CARACAS (Reuters) - Venezuela called on Monday for the suspension of an Organization of American States meeting intended to discuss the South American OPEC nation's economic crisis and political standoff.
The Washington-based OAS is due to debate Venezuela on Tuesday after its secretary-general said the country should be suspended from the regional diplomatic body if it does not hold elections.
Heightening pressure on President Nicolas Maduro's socialist government, after authorities thwarted a referendum on him last year and also postponed local polls, 14 nations last week also urged elections and freedom of jailed opponents.
Maduro, the 54-year-old successor of Hugo Chavez, says the OAS is a pawn of hostile U.S. policy and his government said in a statement that Tuesday's proposed meeting broke the bloc's rules and should be canceled.
"There is ongoing harassment against the Bolivarian Republic of Venezuela led by the United States, via OAS Secretary-General Luis Almagro," it said.
"If this illegal, unilateral, deviant and biased behavior in favor of violent extremists in Venezuela continues, we will proceed with severity and firmness through diplomatic means and international law in line with Venezuela's constitution."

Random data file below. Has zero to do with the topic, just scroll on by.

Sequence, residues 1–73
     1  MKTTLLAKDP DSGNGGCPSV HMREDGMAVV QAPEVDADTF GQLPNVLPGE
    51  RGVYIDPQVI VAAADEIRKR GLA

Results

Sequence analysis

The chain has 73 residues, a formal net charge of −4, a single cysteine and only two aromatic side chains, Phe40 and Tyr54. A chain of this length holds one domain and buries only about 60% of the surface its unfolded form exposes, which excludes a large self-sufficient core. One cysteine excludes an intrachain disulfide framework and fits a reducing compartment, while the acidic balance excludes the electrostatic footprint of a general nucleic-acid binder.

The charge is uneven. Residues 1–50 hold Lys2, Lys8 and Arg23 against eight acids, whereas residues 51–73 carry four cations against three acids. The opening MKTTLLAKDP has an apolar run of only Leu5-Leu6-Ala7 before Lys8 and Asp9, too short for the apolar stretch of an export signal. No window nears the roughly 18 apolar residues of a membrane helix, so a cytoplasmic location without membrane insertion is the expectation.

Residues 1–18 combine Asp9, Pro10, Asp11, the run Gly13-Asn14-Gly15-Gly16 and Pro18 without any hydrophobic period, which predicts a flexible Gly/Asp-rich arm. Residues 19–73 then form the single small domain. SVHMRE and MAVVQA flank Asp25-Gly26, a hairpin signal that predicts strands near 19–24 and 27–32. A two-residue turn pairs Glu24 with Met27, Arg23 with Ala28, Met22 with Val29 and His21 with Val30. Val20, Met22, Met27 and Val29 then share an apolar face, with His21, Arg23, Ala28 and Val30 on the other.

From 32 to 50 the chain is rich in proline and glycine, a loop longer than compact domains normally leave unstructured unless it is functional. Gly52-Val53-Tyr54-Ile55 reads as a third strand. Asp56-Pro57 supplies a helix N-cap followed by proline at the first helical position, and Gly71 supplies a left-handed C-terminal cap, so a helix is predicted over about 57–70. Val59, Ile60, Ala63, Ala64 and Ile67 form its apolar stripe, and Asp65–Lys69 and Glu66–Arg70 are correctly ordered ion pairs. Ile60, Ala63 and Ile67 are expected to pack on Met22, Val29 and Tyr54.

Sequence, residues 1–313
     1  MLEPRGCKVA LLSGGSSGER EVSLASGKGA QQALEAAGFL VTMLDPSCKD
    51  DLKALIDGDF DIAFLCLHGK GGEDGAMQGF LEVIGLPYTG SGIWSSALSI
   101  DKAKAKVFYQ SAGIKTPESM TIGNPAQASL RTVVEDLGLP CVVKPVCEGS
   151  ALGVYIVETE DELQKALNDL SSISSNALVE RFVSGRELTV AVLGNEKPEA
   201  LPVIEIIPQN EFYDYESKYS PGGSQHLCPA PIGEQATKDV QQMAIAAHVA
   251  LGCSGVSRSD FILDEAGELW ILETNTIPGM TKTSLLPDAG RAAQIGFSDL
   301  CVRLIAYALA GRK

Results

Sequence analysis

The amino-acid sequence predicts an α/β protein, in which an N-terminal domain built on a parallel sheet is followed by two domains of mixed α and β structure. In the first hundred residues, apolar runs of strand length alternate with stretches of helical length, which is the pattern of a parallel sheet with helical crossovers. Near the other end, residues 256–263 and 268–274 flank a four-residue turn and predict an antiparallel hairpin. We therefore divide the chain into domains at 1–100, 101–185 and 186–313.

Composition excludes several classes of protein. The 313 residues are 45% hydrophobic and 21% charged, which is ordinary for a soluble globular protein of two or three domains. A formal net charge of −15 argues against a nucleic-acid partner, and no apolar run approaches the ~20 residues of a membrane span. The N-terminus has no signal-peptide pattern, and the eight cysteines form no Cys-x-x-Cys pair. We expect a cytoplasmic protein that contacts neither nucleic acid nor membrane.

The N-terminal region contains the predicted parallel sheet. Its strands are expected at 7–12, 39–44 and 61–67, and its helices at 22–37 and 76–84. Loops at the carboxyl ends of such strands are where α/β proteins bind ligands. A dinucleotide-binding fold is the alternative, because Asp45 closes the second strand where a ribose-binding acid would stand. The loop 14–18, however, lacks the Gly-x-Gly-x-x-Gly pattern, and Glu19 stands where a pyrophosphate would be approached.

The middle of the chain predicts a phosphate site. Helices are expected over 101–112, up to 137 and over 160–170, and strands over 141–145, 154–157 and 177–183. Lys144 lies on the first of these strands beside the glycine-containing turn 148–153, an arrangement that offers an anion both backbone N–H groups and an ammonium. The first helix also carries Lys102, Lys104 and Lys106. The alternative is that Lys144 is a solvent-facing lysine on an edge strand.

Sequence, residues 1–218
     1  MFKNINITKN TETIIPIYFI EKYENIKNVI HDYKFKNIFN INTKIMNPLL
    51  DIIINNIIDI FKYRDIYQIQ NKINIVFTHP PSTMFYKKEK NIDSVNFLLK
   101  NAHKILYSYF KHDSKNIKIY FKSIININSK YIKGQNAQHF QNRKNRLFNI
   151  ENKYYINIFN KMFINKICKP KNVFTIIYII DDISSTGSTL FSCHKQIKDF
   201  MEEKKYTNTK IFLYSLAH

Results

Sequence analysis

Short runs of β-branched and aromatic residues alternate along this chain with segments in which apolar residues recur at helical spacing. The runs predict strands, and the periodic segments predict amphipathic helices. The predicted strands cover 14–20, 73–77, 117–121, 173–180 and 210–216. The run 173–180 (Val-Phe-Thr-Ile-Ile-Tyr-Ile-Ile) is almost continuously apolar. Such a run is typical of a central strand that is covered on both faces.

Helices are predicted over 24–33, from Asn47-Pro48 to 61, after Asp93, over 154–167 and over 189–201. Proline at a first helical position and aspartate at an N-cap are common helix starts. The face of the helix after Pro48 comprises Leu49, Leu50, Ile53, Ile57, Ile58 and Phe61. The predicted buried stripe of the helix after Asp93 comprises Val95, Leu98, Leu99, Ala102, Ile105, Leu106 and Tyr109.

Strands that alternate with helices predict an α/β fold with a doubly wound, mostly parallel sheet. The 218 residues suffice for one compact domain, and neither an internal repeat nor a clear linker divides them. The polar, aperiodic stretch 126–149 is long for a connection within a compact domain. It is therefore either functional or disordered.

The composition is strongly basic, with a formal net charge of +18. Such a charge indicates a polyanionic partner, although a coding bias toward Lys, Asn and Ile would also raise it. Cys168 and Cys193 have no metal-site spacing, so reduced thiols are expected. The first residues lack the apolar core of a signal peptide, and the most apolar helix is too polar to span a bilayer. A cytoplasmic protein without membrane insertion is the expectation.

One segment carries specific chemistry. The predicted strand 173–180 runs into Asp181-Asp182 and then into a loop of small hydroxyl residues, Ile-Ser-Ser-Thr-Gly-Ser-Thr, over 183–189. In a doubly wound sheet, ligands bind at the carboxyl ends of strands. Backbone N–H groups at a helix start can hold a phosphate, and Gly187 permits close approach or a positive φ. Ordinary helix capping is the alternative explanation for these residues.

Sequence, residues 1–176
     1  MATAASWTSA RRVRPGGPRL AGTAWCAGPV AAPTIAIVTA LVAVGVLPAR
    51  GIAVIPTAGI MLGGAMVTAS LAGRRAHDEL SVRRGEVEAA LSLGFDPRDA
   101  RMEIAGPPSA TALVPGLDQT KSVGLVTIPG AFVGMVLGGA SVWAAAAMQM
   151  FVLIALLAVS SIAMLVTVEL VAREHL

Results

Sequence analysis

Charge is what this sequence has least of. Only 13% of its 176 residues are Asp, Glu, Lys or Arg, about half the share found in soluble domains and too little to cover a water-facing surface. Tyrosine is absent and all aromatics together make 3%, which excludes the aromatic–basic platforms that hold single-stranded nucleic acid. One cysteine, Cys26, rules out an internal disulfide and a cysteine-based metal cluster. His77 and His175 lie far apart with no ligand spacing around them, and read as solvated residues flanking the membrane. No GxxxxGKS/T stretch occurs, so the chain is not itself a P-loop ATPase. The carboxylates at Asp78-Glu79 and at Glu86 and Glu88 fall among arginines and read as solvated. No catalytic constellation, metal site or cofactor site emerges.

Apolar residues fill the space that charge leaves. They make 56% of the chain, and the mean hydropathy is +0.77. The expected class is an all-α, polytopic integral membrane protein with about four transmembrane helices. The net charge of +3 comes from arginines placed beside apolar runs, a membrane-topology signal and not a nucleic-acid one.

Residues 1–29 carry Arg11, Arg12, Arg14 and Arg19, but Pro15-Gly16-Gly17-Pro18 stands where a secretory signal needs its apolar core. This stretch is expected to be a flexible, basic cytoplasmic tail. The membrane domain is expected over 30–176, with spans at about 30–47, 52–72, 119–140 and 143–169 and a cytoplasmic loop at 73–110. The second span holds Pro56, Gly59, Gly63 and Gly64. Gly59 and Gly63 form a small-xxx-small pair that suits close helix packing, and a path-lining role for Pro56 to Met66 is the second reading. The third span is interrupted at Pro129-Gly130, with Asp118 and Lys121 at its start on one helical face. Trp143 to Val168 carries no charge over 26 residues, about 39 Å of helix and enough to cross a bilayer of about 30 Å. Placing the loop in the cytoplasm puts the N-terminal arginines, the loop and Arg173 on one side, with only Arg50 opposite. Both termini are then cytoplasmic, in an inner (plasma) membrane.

Foreign Minister Delcy Rodriguez was also due to address the 34-nation OAS later on Monday.
Even though regional disquiet is growing, diplomats believe Almagro lacks the two-thirds votes necessary to trigger a suspension of Venezuela given staunch support from the leftist ALBA bloc and sympathies among Caribbean nations who have long received subsidized oil from Caracas.
Opponents say Maduro has turned Venezuela into a dictatorship and wrecked the economy by fanning corruption and persisting with failed socialist policies. He accuses foes of an "economic war" intended to presage a coup against him.
(Writing by Andrew Cawthorne; Editing by James Dalgleish)